January 25, 2018

On January 25, 2018, Aphria initiated a voluntary Type III recall for two lots of dried marijuana sold in 10 g bottles, due to a labelling error. The labels omitted to indicate the percent sign (%) next to the numerical values for cannabinoid content.

A Type III recall refers to a situation in which the use of, or exposure to, a product is not likely to cause any adverse health consequences.

To date, Health Canada has not received any adverse reaction reports for products sold by Aphria. However, Health Canada recommends that any individual affected by the recall immediately stop using the recalled product and contact Aphria at the following number 1-844-427-4742.

January 17, 2018

These foreign health products have been found by regulators in other countries to contain undeclared drug ingredients.

The products are not authorized for sale in Canada and have not been found in the Canadian marketplace, but it is possible they may have been brought into the country by travellers or purchased over the Internet. Adipessum Miracle Slimming Capsules, Beautiful Lose Weight, Blue Pearl All Natural Male Enhancement pill, Chong Cao Dan pills, Fruta Planta Life capsules, Hard Rod Plus capsules, Hard Times for Men capsule, Linsen Double Caulis Plus capsules, Lishou Fuling Jiaonang, Lose Weight 30, Red Ant, Super Soniic capsules, Wan Ling Ren Sem Chin Kuo Pill.

January 25, 2018

Health Canada is advising Canadians that it has seized several health products, including one kratom and 16 sexual enhancement products, from multiple George’s convenience stores located in the Greater Toronto Area (Brampton, Maple, Markham and Woodbridge). These products are not authorized by Health Canada and may pose serious health risks. Stop using these products. Consult your health care professional if you have used these products and have health concerns, and for advice on which health products are best for you and your family.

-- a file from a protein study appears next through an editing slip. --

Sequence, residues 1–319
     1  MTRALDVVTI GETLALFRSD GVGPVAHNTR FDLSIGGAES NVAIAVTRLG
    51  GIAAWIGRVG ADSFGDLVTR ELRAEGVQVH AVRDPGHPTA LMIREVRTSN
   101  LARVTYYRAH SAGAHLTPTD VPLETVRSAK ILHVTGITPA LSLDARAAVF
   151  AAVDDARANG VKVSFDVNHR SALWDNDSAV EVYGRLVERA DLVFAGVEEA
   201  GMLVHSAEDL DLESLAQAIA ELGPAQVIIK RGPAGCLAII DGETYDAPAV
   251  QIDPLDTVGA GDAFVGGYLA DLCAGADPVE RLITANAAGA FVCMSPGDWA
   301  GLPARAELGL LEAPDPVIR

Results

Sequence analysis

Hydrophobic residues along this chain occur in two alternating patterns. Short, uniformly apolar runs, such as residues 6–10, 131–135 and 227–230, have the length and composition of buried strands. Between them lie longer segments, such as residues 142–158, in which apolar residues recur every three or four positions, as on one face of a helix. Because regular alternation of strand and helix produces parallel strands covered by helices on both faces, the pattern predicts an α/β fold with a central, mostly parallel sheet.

Read product labels to verify that health products have been authorized for sale by Health Canada. Authorized health products have an eight-digit Drug Identification Number (DIN), Natural Product Number (NPN) or Homeopathic Drug Number (DIN-HM). You can also check if products have been authorized for sale by searching Health Canada’s Drug Product Database and Licensed Natural Health Product Database.

December 22, 2017

Health Canada is advising Canadians and healthcare professionals that new safety warnings will be added to the product safety information of the following sedative and anesthetic drugs when they are used in early childhood and during pregnancy: Diprivan (propofol), Ketalar (ketamine), Sevorane (sevoflurane), Suprane (desflurane), Forane/Isoflurane USP (isoflurane), Ativan (lorazepam), midazolam, phenobarbital and thiopental. The Department conducted two reviews to assess the potential risk of adverse effects on the development of children’s brains when certain sedative and anesthetic drugs are used in pregnancy or in early childhood.

December 22, 2017 Unauthorized product alert: Ultra Pure Colloidal Silver health risks Health Canada is advising Canadians, especially children and pregnant women, not to use the unauthorized product Ultra Pure Colloidal Silver by ECG Naturals because it may pose a serious risk to health. Consumers taking this product are at risk of developing a condition called generalized argyria, which is the permanent bluish-gray discolouration of the skin, eyes and nails. At this time, there is no scientific evidence that supports the use of colloidal silver for any specific disease or condition in humans. The product may have been sold at retail stores across Canada.
January 11, 2018 Drug Alert: Risk of drug-induced liver injury for nintedanib (OFEV) Cases of drug-induced liver injury (DILI), including one fatal outcome, have been reported in patients treated with OFEV (nintedanib). In most of these cases, the DILI was reversible when the dose was reduced or treatment was stopped. The majority of the cases occurred within the first three months of starting OFEV. Therefore, particular attention is recommended during this initial period. Healthcare professionals are advised to monitor patients’ liver transaminases and bilirubin levels: just before starting treatment; at regular intervals (e.g., monthly) during the first three months of treatment; and periodically thereafter (e.g., at each patient visit) or as clinically indicated. Healthcare professionals are reminded that: If the transaminase (AST or ALT) levels are greater than three times the upper limit of normal (ULN), OFEV dosage should be reduced or treatment interrupted. OFEV therapy should be permanently discontinued if any liver test elevations are associated with clinical signs or symptoms of liver injury (e.g., jaundice). Health Canada is working with the manufacturer to include this safety information in the Canadian Product Monograph.